Amber Ludwig is the Curatorial Assistant for the Department of European and American Art. She received her Ph.D. in Art and Architectural History from Boston University in 2011, and prior to coming to the Honolulu Museum of Art, she held fellowships at the British Museum, the Dallas Museum of Art, and the Isabella Stewart Gardner Museum, among others. So no surprise that when we asked her to talk about her favorite work of art in the museum’s collection she picked something from the gallery of 18th-century European art:
“Leonardo Coccorante’s Harbor with Roman Ruins (c. 1740-50) was not on view when I began working at the Honolulu Museum of Art in September 2011, since it was being conserved. When I finally saw it on the wall of the newly reinstalled 18th-century gallery, I remember being struck by its physical size and the luminosity of the paint on the canvas, as well as the artist’s use of dramatic lighting effects to create a sublime mood. Invented scenes like this one offered 18th-century artists an opportunity to demonstrate their creative ability, and this work may have served as a stage set design. I still enjoy visiting this painting, standing a few feet away, and being reminded of art’s ability to transport us to imaginary places.”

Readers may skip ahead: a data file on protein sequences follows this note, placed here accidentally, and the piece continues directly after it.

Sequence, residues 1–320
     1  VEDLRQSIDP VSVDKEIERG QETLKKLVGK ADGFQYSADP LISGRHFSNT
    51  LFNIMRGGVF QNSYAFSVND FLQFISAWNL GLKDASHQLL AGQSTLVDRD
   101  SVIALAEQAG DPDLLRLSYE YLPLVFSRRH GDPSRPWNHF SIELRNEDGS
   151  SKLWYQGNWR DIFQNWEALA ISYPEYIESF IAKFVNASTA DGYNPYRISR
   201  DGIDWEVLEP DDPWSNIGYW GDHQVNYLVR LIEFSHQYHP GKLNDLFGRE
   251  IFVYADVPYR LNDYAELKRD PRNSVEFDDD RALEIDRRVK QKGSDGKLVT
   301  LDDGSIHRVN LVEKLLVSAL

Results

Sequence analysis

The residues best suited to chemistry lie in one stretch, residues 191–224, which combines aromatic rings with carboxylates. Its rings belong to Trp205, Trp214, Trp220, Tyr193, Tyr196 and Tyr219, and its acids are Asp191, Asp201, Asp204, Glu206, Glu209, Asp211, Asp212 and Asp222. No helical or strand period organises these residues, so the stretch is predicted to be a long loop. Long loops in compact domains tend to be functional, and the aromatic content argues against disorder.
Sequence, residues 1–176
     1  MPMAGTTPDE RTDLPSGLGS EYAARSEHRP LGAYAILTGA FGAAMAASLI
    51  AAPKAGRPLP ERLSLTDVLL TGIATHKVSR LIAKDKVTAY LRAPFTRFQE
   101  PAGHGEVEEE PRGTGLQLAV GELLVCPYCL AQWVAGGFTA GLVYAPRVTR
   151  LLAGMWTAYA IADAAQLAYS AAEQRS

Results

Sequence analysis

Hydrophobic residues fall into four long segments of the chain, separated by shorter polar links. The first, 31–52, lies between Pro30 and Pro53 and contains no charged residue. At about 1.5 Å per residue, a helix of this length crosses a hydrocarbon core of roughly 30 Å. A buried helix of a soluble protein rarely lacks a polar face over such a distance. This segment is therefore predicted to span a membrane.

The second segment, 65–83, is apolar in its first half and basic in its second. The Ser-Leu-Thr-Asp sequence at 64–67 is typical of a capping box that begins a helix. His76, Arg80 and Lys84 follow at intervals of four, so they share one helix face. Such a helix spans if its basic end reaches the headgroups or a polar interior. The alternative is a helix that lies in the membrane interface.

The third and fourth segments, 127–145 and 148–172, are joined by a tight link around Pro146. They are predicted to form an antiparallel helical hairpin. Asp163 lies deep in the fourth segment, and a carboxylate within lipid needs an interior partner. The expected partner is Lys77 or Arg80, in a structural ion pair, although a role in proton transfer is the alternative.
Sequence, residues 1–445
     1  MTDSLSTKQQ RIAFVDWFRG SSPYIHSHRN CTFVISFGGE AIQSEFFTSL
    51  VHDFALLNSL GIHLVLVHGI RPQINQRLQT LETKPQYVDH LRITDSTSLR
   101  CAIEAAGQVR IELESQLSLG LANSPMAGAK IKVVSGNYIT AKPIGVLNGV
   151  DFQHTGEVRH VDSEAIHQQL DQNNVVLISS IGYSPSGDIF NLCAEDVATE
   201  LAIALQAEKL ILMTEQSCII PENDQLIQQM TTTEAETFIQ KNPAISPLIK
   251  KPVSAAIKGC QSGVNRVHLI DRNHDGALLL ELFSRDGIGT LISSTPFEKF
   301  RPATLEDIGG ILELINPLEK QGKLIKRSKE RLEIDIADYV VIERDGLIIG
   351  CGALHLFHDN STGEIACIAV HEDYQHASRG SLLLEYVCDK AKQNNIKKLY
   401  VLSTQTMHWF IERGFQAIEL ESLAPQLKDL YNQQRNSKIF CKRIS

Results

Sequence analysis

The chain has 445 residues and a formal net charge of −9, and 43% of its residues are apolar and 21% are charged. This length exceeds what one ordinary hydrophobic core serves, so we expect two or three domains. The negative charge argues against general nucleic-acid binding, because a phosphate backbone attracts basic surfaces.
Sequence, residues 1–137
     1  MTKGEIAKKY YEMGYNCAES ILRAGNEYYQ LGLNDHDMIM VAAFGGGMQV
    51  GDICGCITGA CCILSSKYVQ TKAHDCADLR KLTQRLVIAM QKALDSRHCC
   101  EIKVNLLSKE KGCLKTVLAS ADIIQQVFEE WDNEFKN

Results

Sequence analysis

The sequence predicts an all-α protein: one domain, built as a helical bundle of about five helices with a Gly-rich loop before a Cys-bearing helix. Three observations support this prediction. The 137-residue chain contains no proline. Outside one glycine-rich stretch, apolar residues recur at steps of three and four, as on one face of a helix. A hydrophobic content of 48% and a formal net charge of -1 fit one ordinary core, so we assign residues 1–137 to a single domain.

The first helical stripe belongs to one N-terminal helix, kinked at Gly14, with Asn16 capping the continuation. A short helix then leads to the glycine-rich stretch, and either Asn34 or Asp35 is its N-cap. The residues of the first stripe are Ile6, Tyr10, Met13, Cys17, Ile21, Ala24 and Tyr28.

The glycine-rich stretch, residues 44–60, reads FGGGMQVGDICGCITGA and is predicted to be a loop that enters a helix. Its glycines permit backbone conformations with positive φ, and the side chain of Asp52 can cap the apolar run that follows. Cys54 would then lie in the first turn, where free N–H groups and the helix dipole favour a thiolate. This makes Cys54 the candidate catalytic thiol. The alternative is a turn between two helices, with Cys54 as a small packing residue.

Hear Amber speak: Amber talks about “Intimate Encounters and Public Pronouncements: Portrait Miniatures from the Permanent Collection” at a free curatorial lecture on Oct. 23.
Leonardo Coccorante (Italian, 1680-1750)
Harbor with Roman Ruins, c. 1740-50
Oil on canvas
Gift of Mrs. Thomas Balding, 1990, with conservation treatment supported by the Michael and Patricia O’Neill Charitable Fund (6015.1)